In mid-2016, after recovering from a back injury* that kept me off the mats for nearly half a year, I was looking to resume my Brazilian Jiu-Jitsu training. I had earned my blue belt and some stripes at a Pedro Sauer affiliate near my home, but the school moved and I wanted something new. My interest was in what I’ll call ‘traditional’ Gracie Jiu-Jitsu, like Pedro Sauer grew up on and teaches. I tried a few schools in Anne Arundel County where I lived, but they were all sport jiu-jitsu or MMA focused. There’s nothing wrong with that, especially if it’s what you’re looking for. I wanted something different.
At the time, I was running a small semi-private school out of my home. Seiya Dojo was a collective of friends all training to make each other better. My friend (and now partner at Kogen Dojo) Dwayne Bowie, who was then a new brown belt in Brazilian Jiu-Jitsu, came over semi-regularly to teach BJJ and to train with us. He and I decided that we would go through the Gracie Academy’s Gracie Combatives program together and turn Seiya Dojo into an official Gracie Garage. We purchased the Gracie Combatives DVD series and were about to start the process when we got to talking.
Bowie and I both wanted to own a school. Seiya Dojo was a good beginning, but we wanted a ‘legitimate’ martial art school where we could teach our respective arts – I teach Taikyoku Budo which is an amalgam of Japanese Jujutsu and Chinese Qigong practices and he teaches BJJ – and train with our friends. The more we talked, the more we realized that we wanted to open a school together, so we started brainstorming. Who was running a school the way we wanted to run ours (but ours with the twist of mixing traditional and modern arts together in one place)? Who was successful in the way we wanted to be? A few names came up, but one constant was Mike Stewart, co-owner of Gracie Jiu-Jitsu Maryland under Relson Gracie.
One thing that stood out about Mike and Gracie Maryland, aside from Mike’s strong social media presence, was the fact that Mike hosted seminars with both Pedro Sauer and Relson Gracie, together at the same time. Not only that, Mike was running a Relson Gracie school, but he had a Pedro Sauer black belt named Mike Johnson teaching there. This was the kind of relationship we were looking for, the kind that embraced different affiliations that shared a common purpose: To learn, maintain, and teach the standards of traditional Gracie Jiu-Jitsu as a martial art focused on modern, effective self defense for everyday people.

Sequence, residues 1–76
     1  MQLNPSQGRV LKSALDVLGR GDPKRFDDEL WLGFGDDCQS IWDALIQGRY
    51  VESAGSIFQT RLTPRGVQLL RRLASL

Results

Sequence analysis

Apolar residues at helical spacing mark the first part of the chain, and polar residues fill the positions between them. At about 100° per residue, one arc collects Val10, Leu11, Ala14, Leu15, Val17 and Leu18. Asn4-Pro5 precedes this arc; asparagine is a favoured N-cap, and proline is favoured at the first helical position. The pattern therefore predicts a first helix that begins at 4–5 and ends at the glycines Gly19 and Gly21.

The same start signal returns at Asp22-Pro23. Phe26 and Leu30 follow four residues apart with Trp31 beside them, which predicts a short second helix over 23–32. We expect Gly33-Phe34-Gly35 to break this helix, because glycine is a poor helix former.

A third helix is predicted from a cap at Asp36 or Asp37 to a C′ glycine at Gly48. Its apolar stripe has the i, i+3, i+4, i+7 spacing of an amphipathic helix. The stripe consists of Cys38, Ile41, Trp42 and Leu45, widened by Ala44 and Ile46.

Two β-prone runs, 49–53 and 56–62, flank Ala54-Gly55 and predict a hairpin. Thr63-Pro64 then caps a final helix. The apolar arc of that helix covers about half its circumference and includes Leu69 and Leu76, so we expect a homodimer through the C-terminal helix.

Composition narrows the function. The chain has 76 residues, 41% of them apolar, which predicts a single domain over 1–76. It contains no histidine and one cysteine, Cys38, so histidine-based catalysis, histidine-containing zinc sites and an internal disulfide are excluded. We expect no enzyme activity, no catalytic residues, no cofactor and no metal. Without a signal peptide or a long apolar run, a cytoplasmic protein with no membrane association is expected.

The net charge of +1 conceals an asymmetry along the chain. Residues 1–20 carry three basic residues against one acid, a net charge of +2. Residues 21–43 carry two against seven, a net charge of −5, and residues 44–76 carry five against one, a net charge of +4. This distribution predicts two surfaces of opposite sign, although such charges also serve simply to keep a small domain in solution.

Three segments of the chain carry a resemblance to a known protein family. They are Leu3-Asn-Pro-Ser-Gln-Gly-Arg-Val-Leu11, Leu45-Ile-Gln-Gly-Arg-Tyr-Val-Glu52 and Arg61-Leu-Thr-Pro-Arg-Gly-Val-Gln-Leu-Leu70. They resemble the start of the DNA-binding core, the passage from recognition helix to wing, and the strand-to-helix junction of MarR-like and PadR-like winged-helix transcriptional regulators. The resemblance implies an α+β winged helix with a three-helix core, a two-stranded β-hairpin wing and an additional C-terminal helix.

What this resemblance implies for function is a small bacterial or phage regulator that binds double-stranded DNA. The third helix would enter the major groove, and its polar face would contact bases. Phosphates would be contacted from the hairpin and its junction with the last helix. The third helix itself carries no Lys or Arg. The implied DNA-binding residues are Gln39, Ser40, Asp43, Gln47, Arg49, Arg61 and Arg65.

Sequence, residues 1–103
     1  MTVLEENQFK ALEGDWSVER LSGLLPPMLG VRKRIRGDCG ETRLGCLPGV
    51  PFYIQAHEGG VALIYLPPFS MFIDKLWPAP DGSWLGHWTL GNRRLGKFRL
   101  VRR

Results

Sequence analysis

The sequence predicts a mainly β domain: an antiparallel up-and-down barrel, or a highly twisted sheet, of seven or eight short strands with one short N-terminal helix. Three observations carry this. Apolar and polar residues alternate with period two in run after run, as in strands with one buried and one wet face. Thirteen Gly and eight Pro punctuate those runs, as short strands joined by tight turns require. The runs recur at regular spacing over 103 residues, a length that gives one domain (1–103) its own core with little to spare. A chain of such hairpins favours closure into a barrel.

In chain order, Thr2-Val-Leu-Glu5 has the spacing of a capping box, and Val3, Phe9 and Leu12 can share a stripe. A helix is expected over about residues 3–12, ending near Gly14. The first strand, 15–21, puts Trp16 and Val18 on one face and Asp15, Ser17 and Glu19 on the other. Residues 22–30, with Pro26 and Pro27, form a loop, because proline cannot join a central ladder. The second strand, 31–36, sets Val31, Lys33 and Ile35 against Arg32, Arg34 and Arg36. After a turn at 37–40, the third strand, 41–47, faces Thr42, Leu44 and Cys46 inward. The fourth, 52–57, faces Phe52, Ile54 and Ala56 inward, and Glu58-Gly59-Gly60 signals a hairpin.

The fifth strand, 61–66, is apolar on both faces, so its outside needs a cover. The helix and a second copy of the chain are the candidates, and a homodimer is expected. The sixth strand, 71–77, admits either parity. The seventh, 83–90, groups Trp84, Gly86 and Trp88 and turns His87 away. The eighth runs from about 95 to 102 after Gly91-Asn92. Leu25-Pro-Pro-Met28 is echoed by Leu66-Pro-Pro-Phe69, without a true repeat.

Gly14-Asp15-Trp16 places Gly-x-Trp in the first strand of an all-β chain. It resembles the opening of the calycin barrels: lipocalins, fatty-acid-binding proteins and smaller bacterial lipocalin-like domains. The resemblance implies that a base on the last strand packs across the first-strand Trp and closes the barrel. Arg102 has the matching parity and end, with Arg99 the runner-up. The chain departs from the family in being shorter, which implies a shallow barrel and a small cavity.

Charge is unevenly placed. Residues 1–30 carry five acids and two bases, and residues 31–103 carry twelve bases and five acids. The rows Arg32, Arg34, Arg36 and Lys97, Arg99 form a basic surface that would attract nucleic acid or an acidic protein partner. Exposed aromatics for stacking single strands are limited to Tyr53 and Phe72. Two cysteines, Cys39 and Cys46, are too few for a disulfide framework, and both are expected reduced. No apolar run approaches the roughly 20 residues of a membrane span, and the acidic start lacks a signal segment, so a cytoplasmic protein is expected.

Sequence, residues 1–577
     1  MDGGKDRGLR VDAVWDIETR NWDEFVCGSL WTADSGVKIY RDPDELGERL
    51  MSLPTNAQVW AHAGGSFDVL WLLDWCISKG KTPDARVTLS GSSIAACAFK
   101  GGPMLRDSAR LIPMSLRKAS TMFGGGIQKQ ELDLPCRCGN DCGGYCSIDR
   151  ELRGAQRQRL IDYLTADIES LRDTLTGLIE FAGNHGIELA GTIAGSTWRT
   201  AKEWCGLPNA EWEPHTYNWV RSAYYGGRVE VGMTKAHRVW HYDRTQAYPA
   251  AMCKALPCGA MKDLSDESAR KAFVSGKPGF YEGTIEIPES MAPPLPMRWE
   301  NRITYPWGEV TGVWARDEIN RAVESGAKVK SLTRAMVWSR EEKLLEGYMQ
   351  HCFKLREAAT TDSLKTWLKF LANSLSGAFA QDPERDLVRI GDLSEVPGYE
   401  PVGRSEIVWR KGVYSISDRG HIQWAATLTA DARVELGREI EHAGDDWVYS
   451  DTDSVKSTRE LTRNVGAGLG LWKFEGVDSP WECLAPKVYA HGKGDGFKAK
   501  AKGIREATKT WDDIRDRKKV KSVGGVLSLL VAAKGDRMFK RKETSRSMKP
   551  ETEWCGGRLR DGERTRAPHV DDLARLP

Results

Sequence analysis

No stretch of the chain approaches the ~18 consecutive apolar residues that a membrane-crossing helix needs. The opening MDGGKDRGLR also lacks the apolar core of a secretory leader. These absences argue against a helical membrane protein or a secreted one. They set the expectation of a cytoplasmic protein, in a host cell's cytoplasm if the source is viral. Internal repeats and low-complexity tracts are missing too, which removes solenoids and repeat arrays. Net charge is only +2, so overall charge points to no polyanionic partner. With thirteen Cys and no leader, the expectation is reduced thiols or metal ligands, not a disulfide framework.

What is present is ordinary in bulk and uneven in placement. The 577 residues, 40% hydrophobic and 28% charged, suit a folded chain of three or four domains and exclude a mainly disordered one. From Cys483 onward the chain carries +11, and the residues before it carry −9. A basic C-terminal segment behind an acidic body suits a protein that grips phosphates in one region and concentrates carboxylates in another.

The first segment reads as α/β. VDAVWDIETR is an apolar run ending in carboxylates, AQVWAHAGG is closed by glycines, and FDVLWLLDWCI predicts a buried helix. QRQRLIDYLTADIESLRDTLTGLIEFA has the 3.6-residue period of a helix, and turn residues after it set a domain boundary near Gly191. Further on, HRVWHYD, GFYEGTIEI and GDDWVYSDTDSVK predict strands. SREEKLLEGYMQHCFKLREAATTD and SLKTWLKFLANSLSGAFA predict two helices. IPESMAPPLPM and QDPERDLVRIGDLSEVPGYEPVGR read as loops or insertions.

Right around this time, Mike Stewart and some of the Gracie Maryland instructors had participated in a podcast with Paul Tokgozoglu called Mat Tricks. What Mike talked about on Paul’s podcast, his attitude, the culture he tried to create, the way he treated his instructors, etc. all strengthened our resolve to meet with Mike and to pick his brain about opening and running a martial art academy centered around Gracie Jiu-Jitsu. Fortunately for us, Mike had also just started accepting business consultation appointments so we reached out to him. He agreed to meet with us, but trying to make all of our schedules work together would prove difficult.
Not one to sit around and wait, I decided to go to Gracie Maryland’s Columbia location to watch a class. Specifically, I wanted to watch Pedro Sauer black belt Mike Johnson teach. My brother Matt, who eventually also became co-owner of Kogen Dojo and is our head Muay Thai instructor, used to train with Mike Johnson and had nothing but good things to say about him. I was trying to stay in the Pedro Sauer association and looking for a teacher and a school, so I thought that Mike Johnson might be a good person to talk to. A strange thing happened on the way into Gracie Maryland Columbia, however. When I walked in, I met Mike Stewart’s brother Jordan at the front desk and we started talking.
Jordan was extremely polite and hospitable toward me. I told him I was there to watch a class, that Bowie and I were interested in opening a school, and that we were scheduled to meet with his brother for a business consultation later that week. He welcomed me and said he’d be glad to answer any of my questions. Never one to turn down the opportunity to ask questions, I started asking away. Jordan did not hesitate to answer every question I had. It was as if they had nothing to hide. This was shocking to me because I had trained at schools previously where everything was a secret, especially pricing. Some schools hide their pricing so that they can charge different people different prices, but Jordan literally handed me their class price sheet and said, “It’s the same for everyone.” Jordan was honest and open. We talked a while and I watched class. Every time I offered to go sit down, to leave him to his work and his Saturday, he insisted, “I don’t mind. Ask me anything you’d like. If you’re cool with Mike, you’re cool with me.” I was starting to feel at home, but what pushed me over the edge was watching the kids train because they were doing what Mike Stewart calls “Real Gracie Jiu-Jitsu,” which is to say they were focused on self defense from the intial conflict from the feet all the way to the submission or escape at the end.
Robert Van Valkenburgh, Co-Founder of Kogen Dojo and Taikyoku Mind & Body
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